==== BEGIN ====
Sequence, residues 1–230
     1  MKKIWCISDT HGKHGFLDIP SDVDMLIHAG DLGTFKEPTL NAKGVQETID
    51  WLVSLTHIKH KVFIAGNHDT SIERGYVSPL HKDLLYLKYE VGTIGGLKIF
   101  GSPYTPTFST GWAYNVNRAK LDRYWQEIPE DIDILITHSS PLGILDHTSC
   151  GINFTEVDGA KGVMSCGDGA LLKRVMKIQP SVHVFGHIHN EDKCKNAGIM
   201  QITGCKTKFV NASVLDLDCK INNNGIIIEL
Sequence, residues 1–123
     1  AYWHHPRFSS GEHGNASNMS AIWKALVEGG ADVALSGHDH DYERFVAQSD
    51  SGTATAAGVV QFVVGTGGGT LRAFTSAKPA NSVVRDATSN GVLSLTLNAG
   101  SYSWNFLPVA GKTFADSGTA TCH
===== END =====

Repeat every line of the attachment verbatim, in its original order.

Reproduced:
Sequence, residues 1–230
     1  MKKIWCISDT HGKHGFLDIP SDVDMLIHAG DLGTFKEPTL NAKGVQETID
    51  WLVSLTHIKH KVFIAGNHDT SIERGYVSPL HKDLLYLKYE VGTIGGLKIF
   101  GSPYTPTFST GWAYNVNRAK LDRYWQEIPE DIDILITHSS PLGILDHTSC
   151  GINFTEVDGA KGVMSCGDGA LLKRVMKIQP SVHVFGHIHN EDKCKNAGIM
   201  QITGCKTKFV NASVLDLDCK INNNGIIIEL
Sequence, residues 1–123
     1  AYWHHPRFSS GEHGNASNMS AIWKALVEGG ADVALSGHDH DYERFVAQSD
    51  SGTATAAGVV QFVVGTGGGT LRAFTSAKPA NSVVRDATSN GVLSLTLNAG
   101  SYSWNFLPVA GKTFADSGTA TCH